Hackers Were Inside Neiman Marcus Computers For Months Before The Retailer Had Any Idea
Gee, it wasn't just Target?
It's not just Neiman Marcus either. It's a bunch of other retailers as well.
Oh, they want your email -- and surface address eh? Uh, why? Target often asks to scan your driver license. Why? Why do you allow companies to have this data? Nothing you ever give a company is discarded; it is always kept and your base assumption should be that it is never secure.
I walked out of Target the last time they asked to scan my driver license. I don't give a damn why they think they want it, the answer is no.
That's the lesson folks. You give this away and you will get reamed by it. Maybe it's sold and maybe it's stolen, but the bottom line is that the more you give them the more value it has to them -- and to anyone who wants to steal it.
For that you get...... what, exactly? Nothing.
Don't give Target your Social Security number
Target Got Hacked Hard in 2005. Here's Why They Let It Happen Again
The security measures that Target and other companies implement to protect consumer data have long been known to be inadequate.
The Malware That Duped Target Has Been Found
The malware is a memory-scraping tool that grabs card data directly from point-of-sale terminals and stores it on the victim's own system for later retrieval.
Friday, January 17, 2014
After my initial review of Intego Software’s Washing Machine 2014, Intego asked me if I would like a free license to give their product a more extensive review.
I had only tested Washing Machine in its evaluation mode. I agreed to review Washing Machine with all its powers and they sent me the serial number.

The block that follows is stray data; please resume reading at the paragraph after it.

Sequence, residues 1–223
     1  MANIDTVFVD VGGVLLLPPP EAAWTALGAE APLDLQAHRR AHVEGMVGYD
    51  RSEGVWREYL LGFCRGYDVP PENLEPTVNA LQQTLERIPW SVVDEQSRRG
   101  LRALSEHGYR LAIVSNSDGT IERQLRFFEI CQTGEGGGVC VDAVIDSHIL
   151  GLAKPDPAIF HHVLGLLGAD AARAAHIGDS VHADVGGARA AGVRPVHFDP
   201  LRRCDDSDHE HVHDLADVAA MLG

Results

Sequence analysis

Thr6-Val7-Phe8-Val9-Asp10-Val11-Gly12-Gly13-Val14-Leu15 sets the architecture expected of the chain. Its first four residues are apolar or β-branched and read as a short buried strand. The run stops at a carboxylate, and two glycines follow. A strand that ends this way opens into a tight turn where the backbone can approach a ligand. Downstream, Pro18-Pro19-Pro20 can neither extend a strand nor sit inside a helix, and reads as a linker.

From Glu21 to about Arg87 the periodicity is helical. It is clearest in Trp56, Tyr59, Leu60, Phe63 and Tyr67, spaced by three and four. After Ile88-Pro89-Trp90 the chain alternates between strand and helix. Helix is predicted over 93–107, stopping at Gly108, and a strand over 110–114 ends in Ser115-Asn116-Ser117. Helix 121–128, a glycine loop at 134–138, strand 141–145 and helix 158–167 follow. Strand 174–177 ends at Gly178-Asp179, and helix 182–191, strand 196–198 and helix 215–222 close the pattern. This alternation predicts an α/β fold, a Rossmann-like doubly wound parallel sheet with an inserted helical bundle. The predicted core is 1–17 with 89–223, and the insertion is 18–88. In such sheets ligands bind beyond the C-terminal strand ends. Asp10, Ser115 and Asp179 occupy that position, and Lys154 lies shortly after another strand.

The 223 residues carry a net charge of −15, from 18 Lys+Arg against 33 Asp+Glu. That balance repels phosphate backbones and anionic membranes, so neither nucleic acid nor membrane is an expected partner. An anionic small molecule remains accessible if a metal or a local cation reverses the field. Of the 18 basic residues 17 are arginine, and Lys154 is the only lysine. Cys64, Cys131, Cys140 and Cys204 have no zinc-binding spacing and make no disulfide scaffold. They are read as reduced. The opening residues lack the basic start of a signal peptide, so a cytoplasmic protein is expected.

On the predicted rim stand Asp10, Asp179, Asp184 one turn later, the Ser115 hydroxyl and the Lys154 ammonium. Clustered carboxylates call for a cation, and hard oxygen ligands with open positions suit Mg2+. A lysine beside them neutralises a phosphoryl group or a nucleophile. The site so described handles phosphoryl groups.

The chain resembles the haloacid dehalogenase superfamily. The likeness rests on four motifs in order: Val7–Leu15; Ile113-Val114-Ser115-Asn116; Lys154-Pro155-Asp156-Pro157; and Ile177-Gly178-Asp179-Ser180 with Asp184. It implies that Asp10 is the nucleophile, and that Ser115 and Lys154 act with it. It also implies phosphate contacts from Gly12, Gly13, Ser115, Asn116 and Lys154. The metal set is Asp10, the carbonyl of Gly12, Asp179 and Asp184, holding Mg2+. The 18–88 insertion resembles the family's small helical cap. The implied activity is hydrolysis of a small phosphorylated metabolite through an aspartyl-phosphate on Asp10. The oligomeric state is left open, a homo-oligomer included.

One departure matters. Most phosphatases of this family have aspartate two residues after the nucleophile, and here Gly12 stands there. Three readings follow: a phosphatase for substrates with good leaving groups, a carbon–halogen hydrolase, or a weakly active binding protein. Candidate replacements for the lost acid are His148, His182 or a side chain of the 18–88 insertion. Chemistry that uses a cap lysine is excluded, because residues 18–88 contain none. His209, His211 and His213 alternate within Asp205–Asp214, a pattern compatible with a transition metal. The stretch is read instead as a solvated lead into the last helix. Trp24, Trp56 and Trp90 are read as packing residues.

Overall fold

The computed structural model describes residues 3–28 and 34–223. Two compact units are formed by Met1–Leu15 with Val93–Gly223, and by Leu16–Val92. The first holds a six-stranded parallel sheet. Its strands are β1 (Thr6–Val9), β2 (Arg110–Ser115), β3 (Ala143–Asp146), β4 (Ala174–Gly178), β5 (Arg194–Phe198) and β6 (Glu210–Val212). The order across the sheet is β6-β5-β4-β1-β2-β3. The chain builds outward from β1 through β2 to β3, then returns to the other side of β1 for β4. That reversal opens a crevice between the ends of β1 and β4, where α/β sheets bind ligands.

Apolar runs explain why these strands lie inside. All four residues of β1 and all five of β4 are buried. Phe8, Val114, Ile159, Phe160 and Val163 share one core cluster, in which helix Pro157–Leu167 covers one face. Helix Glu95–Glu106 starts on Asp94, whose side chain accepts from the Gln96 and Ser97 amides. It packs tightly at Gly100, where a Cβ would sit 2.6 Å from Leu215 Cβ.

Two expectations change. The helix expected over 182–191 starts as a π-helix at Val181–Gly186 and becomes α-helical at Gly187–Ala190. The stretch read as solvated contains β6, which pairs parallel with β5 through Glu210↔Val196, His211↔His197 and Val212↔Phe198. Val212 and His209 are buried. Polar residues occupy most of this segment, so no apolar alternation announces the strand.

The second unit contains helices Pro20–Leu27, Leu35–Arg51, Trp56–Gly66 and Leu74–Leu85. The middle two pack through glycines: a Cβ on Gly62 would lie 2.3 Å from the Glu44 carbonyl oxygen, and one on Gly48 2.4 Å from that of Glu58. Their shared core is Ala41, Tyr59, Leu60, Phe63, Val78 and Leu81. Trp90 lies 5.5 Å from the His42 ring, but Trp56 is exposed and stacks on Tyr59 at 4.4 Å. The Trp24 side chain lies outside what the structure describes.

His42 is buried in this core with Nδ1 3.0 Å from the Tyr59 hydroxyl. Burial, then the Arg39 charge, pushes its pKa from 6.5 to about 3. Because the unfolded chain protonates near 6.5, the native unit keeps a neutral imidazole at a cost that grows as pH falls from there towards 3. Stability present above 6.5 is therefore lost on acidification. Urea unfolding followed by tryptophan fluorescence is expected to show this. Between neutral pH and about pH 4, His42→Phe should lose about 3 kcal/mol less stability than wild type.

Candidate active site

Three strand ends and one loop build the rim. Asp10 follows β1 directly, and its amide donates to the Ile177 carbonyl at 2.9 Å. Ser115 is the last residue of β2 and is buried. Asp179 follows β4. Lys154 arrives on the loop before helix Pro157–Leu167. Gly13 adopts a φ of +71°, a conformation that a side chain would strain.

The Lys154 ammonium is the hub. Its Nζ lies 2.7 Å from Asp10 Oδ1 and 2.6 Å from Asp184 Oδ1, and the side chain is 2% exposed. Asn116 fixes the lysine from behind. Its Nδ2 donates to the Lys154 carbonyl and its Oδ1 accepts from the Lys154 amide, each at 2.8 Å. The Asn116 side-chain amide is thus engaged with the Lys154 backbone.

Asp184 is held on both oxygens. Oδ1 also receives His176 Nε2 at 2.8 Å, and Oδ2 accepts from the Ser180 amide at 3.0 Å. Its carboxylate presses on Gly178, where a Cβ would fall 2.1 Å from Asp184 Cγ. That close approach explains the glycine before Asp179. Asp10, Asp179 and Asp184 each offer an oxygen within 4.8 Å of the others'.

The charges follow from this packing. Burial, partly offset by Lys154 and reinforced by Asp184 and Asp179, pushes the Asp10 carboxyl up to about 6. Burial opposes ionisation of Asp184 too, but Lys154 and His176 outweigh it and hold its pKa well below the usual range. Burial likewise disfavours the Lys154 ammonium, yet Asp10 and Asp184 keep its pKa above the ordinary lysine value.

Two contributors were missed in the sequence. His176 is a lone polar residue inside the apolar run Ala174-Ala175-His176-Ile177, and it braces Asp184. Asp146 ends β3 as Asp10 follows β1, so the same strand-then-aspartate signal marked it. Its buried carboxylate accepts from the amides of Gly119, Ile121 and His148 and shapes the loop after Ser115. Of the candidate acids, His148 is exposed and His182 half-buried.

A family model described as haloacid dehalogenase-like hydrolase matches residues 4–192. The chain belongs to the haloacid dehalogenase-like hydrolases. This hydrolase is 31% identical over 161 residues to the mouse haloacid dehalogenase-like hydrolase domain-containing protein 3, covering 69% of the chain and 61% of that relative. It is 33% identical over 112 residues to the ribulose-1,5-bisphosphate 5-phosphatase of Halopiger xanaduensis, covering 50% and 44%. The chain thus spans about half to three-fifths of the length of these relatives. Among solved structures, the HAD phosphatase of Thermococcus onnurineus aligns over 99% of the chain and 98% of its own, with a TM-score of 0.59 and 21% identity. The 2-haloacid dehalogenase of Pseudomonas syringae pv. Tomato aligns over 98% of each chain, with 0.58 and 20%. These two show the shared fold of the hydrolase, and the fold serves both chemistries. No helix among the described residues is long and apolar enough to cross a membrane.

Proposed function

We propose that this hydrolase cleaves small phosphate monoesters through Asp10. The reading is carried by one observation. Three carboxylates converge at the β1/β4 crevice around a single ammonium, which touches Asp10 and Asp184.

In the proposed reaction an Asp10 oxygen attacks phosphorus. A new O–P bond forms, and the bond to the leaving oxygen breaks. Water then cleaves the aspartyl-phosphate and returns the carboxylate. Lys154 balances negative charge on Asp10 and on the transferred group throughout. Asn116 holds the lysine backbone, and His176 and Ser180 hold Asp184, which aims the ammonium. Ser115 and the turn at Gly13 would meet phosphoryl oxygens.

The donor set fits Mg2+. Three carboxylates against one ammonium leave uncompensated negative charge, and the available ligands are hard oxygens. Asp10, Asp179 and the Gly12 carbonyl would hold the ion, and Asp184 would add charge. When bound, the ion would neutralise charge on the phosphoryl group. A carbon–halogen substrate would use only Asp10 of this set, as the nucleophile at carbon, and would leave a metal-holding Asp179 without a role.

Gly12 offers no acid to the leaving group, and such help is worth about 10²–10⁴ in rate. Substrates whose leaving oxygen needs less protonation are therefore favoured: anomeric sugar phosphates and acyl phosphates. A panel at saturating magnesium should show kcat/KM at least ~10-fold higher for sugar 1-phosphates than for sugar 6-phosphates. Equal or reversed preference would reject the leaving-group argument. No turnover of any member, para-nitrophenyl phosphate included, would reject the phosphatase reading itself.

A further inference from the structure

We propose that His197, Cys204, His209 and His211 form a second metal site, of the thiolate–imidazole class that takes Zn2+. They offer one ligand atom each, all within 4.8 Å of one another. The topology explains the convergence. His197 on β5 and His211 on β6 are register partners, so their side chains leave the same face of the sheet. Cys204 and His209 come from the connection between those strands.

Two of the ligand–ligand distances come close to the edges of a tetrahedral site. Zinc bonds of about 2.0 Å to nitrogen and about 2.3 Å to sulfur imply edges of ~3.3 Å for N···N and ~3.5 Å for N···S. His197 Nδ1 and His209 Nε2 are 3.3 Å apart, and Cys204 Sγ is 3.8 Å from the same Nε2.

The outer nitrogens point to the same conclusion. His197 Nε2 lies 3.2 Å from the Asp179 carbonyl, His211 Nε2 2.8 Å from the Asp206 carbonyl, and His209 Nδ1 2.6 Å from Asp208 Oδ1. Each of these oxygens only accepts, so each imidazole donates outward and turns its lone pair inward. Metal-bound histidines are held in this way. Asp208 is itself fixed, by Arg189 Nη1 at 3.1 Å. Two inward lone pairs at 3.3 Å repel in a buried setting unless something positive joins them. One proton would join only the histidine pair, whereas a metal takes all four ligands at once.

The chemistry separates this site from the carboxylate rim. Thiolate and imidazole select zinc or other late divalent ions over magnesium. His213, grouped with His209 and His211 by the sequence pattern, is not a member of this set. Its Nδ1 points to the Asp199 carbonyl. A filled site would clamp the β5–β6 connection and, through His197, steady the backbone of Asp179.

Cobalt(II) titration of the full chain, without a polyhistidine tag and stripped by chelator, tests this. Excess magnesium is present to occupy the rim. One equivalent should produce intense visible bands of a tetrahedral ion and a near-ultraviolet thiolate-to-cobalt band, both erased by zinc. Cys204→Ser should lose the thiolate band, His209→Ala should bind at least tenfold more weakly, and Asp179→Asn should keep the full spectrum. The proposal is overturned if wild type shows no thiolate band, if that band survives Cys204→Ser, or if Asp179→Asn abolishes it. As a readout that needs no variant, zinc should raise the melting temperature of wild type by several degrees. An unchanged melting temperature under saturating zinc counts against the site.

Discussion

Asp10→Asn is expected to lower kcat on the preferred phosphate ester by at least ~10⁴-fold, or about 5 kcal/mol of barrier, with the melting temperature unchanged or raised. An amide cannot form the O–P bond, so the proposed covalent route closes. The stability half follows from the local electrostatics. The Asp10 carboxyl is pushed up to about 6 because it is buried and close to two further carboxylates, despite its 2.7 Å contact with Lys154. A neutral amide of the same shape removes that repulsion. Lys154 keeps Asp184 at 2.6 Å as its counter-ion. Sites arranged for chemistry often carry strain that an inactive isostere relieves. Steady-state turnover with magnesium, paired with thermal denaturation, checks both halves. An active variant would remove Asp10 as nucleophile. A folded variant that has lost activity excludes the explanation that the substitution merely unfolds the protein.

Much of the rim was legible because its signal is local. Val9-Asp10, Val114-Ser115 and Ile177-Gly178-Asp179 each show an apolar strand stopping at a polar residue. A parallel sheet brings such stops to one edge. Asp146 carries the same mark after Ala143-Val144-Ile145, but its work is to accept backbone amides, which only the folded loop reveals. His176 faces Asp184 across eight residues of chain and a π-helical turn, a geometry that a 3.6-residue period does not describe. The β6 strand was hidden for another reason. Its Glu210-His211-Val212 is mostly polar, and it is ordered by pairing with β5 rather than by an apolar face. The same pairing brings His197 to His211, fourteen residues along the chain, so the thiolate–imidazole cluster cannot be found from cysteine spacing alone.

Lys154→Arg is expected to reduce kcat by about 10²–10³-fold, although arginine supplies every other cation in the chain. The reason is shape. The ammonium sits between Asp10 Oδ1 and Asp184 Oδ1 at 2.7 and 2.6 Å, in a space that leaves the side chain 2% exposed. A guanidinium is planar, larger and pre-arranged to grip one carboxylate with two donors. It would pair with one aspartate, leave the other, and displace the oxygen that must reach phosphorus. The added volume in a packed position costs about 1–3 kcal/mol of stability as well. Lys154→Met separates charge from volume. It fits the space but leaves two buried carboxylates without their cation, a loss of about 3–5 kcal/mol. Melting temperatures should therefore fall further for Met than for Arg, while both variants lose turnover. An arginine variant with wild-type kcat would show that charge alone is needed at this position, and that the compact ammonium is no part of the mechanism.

After giving the app a test in all three of its functions of reclaiming disk space, tracking down duplicate files for possible deletion, and reorganizing your desktop; I can say that this program will help you if you look at your desktop cluttered with files and just throw up your hands. It is not the total solution, but its excellent organization and Help will help users confused by other program’s offering too many choices at once with minimal Help.
The program divides into three modules: Reclaim, Duplicates, and Organize. You can switch between them at any point. If you switch, though, you lose the results of your current file scan if you haven’t decided what to do with these files.
The Reclaim and Duplicates modules let you drill down to the individual files in whatever file structure you’ve constructed. This is where Washing Machine could use some help from Quick Look.
In the Duplicates section, for example, you get a static preview of a file. This works fine if you look at at a GIF or JPEG, but what if you want to make sure you want to delete a video with a cryptic title? Or an audio file? Please incorporate Quick Look into a future version, or an option to Open in Finder.